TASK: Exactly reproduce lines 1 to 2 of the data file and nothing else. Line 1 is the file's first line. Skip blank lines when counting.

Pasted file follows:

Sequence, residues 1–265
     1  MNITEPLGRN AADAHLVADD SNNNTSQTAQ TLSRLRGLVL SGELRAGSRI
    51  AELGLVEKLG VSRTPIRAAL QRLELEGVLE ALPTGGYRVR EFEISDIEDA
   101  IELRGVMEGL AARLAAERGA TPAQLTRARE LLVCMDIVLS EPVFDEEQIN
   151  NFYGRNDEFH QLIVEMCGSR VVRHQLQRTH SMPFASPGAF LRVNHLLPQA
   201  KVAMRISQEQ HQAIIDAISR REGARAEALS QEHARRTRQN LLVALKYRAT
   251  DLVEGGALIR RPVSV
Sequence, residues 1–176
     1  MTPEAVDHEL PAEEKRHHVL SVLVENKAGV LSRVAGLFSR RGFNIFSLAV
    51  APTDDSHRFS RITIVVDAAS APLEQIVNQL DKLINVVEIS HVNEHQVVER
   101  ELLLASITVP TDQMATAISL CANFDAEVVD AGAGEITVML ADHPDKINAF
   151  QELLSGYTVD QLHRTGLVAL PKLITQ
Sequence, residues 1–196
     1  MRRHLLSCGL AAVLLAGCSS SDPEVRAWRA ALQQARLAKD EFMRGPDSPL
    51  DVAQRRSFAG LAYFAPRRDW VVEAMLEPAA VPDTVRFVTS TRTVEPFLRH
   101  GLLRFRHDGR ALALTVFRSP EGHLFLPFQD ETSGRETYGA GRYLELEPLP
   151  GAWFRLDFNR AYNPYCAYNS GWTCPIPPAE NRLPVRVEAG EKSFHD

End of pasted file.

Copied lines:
Sequence, residues 1–265
     1  MNITEPLGRN AADAHLVADD SNNNTSQTAQ TLSRLRGLVL SGELRAGSRI